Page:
Hackers use Rootkit to Zero in on Bank Networks for ATM Money Theft
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- By Patrick Ryan
- Mar 24, 2022
Digital criminals are tapping into a novel rootkit to steal funds from bank ATM machines. The threat actor’s rootkit zeroes in on Oracle Solaris systems. The overarching aim of the attack is to tap into ATMs to switch networks and execute illegal withdrawals of large sums of cash at banks with fake cards.
Who Originally Identified the Hack?
The rootkit zero attacks were identified by the digital security specialist Mandiant. Mandiant is continuing to track the cluster. The cluster in question has the name “UNC2891”. Some of the hackers’ strategies for accessing ATMs are similar to those employed in the cluster referred to as “UNC1945”.
Mandiant released a report detailing the hack earlier this past week. Take a look at the report or read through the remainder of this content. You will likely be motivated to implement the latest technological safeguards to protect your valuable computers, servers, and software.
Is the Intrusion Primarily Limited to one Threat Group?
In short, no. There is a significant overlap between the UNCs noted above, meaning the digital infiltration is not solely the result of one threat group.
How is the Attack Performed?
The digital infiltration is somewhat complex as it contains a considerable OPSEC degree, making use of private as well as public malware, scripts, and utilities. These tools are used to eliminate the trail of evidence and mitigate cyber security specialists’ defenses against the attack. The hackers responsible for ATM money theft use the CAKETAP rootkit that hides network connections, files, and processes.
When Were the Attacks First Identified?
The AMT hacks have occurred for several years. However, the illegal activity was not identified until recently. The exact date of the attacks’ discovery has not yet been revealed.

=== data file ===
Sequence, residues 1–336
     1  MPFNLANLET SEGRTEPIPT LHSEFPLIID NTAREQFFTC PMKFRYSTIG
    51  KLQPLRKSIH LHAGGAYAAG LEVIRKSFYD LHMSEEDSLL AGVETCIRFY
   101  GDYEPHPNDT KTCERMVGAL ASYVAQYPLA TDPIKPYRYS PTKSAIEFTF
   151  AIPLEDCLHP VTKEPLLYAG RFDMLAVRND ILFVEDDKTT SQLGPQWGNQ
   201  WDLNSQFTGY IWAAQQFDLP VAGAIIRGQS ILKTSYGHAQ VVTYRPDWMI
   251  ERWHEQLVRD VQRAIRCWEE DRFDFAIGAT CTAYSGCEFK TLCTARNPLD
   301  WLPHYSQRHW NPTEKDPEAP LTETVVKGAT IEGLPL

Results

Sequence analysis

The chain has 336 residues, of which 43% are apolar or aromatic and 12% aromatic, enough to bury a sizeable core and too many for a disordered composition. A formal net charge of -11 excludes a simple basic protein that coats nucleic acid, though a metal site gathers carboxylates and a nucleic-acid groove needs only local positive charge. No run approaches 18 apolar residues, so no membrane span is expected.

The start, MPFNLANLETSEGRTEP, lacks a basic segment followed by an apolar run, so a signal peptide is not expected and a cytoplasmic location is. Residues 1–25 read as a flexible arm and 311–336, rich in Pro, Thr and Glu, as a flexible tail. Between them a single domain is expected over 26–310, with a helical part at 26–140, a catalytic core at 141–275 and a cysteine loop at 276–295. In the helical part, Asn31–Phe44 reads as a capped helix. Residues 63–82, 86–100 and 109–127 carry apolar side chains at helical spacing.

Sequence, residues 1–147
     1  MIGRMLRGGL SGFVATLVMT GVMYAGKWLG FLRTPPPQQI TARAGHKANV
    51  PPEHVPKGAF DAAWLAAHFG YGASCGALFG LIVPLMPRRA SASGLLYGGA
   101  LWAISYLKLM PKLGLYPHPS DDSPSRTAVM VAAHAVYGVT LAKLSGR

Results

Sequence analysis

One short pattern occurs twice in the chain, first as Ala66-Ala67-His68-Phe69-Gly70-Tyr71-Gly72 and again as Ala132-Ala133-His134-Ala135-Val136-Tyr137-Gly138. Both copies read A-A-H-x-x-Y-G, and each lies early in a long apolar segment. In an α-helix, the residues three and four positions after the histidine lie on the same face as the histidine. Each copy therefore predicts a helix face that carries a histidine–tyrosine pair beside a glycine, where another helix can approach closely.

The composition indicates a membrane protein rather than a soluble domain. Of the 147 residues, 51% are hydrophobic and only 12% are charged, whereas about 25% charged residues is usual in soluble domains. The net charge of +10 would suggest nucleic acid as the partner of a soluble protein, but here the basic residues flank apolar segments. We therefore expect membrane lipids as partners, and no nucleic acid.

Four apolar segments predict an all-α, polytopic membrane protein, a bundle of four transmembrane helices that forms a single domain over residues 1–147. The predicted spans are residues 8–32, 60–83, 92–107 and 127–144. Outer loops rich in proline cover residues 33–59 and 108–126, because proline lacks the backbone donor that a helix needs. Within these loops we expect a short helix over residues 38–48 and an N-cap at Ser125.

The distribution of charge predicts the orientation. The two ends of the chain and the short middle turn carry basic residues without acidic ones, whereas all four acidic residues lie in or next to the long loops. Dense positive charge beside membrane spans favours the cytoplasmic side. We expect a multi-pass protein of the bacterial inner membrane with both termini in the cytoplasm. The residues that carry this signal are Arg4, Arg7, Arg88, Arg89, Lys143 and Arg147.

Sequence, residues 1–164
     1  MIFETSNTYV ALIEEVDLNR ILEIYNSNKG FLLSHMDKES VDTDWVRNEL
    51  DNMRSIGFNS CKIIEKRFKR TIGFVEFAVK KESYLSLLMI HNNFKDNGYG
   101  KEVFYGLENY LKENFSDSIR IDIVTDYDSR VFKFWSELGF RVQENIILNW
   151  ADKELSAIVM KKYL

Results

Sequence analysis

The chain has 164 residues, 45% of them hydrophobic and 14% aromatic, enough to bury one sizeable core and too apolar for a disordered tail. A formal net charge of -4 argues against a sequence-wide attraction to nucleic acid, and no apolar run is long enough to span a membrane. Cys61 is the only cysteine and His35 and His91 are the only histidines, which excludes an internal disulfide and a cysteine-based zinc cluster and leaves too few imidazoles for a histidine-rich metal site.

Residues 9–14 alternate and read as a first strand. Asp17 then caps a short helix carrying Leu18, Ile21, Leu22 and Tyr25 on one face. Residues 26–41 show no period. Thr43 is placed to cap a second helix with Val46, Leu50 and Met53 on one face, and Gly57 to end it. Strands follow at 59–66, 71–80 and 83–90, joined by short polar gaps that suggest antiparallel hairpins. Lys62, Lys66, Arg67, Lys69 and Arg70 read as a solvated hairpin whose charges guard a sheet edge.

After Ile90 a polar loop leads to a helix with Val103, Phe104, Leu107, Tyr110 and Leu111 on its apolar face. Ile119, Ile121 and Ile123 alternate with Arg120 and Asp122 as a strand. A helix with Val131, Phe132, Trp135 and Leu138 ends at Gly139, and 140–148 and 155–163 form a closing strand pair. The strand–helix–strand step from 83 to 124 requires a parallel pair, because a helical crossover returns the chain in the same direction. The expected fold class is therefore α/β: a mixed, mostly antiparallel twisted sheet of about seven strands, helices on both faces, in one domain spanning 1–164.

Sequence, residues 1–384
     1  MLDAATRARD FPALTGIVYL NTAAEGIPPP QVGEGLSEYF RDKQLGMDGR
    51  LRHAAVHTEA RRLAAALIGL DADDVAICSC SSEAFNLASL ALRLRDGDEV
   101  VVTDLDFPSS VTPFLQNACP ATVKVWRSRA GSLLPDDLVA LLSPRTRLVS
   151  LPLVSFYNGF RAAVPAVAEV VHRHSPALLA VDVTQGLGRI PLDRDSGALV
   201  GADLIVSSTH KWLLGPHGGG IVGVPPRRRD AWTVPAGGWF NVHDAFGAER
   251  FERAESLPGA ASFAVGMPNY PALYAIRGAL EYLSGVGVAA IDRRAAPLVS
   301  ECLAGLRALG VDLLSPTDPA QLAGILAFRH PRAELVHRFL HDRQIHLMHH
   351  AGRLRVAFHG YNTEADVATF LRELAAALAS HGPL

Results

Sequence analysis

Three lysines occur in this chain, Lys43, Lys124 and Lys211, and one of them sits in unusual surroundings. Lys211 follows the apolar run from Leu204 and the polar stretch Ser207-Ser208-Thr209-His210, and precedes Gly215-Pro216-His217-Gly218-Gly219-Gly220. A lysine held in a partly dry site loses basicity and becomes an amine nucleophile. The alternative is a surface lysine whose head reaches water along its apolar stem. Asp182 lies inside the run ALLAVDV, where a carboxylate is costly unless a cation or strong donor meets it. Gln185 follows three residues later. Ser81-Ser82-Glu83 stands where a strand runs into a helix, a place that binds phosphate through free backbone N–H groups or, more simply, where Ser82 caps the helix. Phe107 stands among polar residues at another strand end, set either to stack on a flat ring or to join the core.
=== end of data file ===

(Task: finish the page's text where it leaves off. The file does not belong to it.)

Why is the Attack Successful?
Mandiant successfully recovered forensic memory data from a targeted ATM’s server switch. The digital security specialist indicated a kernel rootkit variant containing unique features empowered it to intercept both PIN messages for verification. Card data empowered the hackers to use the stolen information to perform illegal money withdrawals from multiple ATMs.
The success of the hackers behind the money theft is partially attributable to the use of TINYSHELL and SLAPSTICK backdoors, each of which is attributed to the cluster of UNC1945. These backdoors allow for ongoing remote access to shell execution, mission-critical systems, and file transfers through rlogin, SSH, and telnet.
The TINYSHELL’s backdoors are configured with the use of distinct values that appear to be actual services that provide utility. Such backdoor values are not glaringly obvious, meaning digital security specialists are likely to skip right over them without stopping to perform in-depth analysis. Examples of those backdoor values include Linux at daemon and service cache daemon.
What is the Role of Malware and Utilities in the Attack?
The hack contains unique attack chains that use extensive utilities that are publicly available and employ malware. Examples include MIGLOGCLEANER, a utility that removes specific log strings from Linux. WIPERIGHT is another ELF utility that eliminates log entries relating to Linux user systems.
WINGCRACK is a utility that sorts through encoded content created through WINGHOOK. WINGHOOK is best described as a Linux keylogger that obtains information within an encoded format. Finally, STEELHOUND serves as an in-memory dropper variant that encrypts binaries and decrypts embedded payloads.